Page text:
Should You Pay Points on Your Mortgage?

By The Old House Web

by Francine L. Huff
Old House Web Columnist

It may be to your advantage to pay points, or "buy down" your mortgage interest rate when buying a home. Paying points can help you get a lower interest rate, which will decrease your monthly payments over the life of a mortgage loan.

How Points Are Calculated
Points are fees paid to a lender at closing to lower an interest rate. A point is equal to 1% of the mortgage loan amount, so if you have a $100,000 mortgage and want to pay one point, you'd pay $1,000. Points are charged by lenders to offer lower interest rates or more favorable terms, such as a lower interest rate margin on an ARM, or to waive a prepayment penalty.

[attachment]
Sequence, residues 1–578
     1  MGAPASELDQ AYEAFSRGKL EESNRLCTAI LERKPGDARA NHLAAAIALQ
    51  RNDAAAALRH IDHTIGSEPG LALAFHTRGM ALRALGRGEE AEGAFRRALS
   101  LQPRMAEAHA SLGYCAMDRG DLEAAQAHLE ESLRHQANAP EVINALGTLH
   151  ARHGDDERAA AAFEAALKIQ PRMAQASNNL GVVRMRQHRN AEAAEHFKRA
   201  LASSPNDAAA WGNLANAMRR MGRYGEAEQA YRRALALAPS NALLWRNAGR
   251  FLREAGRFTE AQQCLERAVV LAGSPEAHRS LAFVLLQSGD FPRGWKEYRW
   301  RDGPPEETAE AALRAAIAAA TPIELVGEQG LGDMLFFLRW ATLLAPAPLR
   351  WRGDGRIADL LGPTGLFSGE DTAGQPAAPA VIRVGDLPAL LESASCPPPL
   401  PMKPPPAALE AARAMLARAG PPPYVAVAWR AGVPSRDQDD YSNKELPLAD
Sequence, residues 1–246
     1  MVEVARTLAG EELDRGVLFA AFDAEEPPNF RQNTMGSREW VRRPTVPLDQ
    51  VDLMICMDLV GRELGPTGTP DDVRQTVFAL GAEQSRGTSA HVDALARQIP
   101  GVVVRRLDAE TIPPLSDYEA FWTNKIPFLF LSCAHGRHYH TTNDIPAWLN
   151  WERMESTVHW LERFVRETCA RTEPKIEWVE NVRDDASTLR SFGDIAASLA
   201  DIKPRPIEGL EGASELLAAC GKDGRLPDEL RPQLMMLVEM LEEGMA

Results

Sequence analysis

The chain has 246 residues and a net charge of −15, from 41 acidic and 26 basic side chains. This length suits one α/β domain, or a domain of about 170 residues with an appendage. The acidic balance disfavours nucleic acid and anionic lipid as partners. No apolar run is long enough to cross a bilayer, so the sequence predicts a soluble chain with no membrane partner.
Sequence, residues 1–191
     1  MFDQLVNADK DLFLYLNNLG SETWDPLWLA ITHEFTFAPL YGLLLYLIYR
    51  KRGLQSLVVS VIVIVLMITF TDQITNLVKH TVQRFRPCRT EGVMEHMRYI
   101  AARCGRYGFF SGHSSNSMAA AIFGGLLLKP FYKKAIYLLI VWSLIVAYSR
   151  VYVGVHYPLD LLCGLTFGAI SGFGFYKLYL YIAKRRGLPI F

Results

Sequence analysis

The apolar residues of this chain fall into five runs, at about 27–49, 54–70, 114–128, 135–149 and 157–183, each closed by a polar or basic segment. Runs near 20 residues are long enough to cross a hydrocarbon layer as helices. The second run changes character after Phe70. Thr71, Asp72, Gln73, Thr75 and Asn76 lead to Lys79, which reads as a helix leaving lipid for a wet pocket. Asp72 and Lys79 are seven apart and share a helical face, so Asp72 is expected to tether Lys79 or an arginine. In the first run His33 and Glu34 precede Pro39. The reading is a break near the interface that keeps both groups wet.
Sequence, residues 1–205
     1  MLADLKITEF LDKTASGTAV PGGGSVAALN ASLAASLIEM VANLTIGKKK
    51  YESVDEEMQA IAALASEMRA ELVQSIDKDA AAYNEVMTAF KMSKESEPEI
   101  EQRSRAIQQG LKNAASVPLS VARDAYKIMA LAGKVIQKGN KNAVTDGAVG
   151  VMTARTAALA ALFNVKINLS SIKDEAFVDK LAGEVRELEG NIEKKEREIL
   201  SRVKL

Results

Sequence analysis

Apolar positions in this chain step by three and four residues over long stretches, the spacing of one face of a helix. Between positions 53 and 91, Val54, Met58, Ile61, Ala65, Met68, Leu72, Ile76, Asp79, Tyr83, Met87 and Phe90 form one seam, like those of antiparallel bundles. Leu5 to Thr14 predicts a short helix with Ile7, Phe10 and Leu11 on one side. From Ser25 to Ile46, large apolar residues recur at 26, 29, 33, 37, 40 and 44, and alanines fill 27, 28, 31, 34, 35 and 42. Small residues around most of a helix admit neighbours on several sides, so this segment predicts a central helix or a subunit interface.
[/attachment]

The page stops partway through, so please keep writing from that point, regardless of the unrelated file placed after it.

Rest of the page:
The Longer the Better
Deciding whether or not to pay points on a mortgage loan depends on a couple of factors. First, determine how long you plan to stay in the home. If you plan to be in your house at least four years, paying points may make sense because you'll have a better return on your investment over the long run. A mortgage calculator can help you determine whether the difference in your monthly payment is worth the extra upfront expense of paying points.

Do You Have Cash Now?
Second, determine whether or not you actually have the cash to pay points at closing. Many lenders will offer to finance points by adding them to your mortgage loan balance. But not only will you pay a finance charge on those points, you'll also have a higher monthly payment.

Compare Mortgage Loans
Shop around for a mortgage since loan offers can vary from lender to lender. You can use the Old House Loan Finder to search for a lender that can help you compare mortgages with and without points.

Paying points on a mortgage may make sense if you have the cash to spare and plan to be in your home long enough to break even. Also, depending upon your tax situation, points paid on a mortgage may be deductible as home mortgage interest.



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